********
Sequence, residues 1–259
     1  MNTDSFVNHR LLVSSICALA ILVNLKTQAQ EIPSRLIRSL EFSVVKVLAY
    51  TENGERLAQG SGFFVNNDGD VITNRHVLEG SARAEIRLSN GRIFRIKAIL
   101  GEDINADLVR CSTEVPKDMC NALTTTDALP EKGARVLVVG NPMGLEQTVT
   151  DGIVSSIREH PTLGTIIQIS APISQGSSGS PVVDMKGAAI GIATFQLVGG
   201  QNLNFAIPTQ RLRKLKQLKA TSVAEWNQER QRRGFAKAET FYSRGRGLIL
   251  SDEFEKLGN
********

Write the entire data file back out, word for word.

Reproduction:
Sequence, residues 1–259
     1  MNTDSFVNHR LLVSSICALA ILVNLKTQAQ EIPSRLIRSL EFSVVKVLAY
    51  TENGERLAQG SGFFVNNDGD VITNRHVLEG SARAEIRLSN GRIFRIKAIL
   101  GEDINADLVR CSTEVPKDMC NALTTTDALP EKGARVLVVG NPMGLEQTVT
   151  DGIVSSIREH PTLGTIIQIS APISQGSSGS PVVDMKGAAI GIATFQLVGG
   201  QNLNFAIPTQ RLRKLKQLKA TSVAEWNQER QRRGFAKAET FYSRGRGLIL
   251  SDEFEKLGN